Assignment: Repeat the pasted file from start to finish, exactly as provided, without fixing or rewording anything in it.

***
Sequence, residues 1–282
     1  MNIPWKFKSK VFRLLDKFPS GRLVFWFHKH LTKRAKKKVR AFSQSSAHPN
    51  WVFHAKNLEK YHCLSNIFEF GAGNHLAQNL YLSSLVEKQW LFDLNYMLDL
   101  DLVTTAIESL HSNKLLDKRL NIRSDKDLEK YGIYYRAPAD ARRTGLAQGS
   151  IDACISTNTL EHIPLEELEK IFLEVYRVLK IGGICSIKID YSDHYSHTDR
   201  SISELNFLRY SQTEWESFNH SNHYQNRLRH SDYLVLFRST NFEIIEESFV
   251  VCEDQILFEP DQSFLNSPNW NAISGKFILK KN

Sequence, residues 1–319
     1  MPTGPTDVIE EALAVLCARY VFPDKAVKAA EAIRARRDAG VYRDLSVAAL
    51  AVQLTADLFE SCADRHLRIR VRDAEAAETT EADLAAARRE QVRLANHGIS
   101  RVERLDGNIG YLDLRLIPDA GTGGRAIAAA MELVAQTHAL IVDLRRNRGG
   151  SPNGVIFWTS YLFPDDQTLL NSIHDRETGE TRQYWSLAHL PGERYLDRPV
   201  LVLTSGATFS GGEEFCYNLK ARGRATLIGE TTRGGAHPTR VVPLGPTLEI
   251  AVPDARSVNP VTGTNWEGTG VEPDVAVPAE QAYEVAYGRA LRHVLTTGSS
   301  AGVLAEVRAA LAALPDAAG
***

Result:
Sequence, residues 1–282
     1  MNIPWKFKSK VFRLLDKFPS GRLVFWFHKH LTKRAKKKVR AFSQSSAHPN
    51  WVFHAKNLEK YHCLSNIFEF GAGNHLAQNL YLSSLVEKQW LFDLNYMLDL
   101  DLVTTAIESL HSNKLLDKRL NIRSDKDLEK YGIYYRAPAD ARRTGLAQGS
   151  IDACISTNTL EHIPLEELEK IFLEVYRVLK IGGICSIKID YSDHYSHTDR
   201  SISELNFLRY SQTEWESFNH SNHYQNRLRH SDYLVLFRST NFEIIEESFV
   251  VCEDQILFEP DQSFLNSPNW NAISGKFILK KN

Sequence, residues 1–319
     1  MPTGPTDVIE EALAVLCARY VFPDKAVKAA EAIRARRDAG VYRDLSVAAL
    51  AVQLTADLFE SCADRHLRIR VRDAEAAETT EADLAAARRE QVRLANHGIS
   101  RVERLDGNIG YLDLRLIPDA GTGGRAIAAA MELVAQTHAL IVDLRRNRGG
   151  SPNGVIFWTS YLFPDDQTLL NSIHDRETGE TRQYWSLAHL PGERYLDRPV
   201  LVLTSGATFS GGEEFCYNLK ARGRATLIGE TTRGGAHPTR VVPLGPTLEI
   251  AVPDARSVNP VTGTNWEGTG VEPDVAVPAE QAYEVAYGRA LRHVLTTGSS
   301  AGVLAEVRAA LAALPDAAG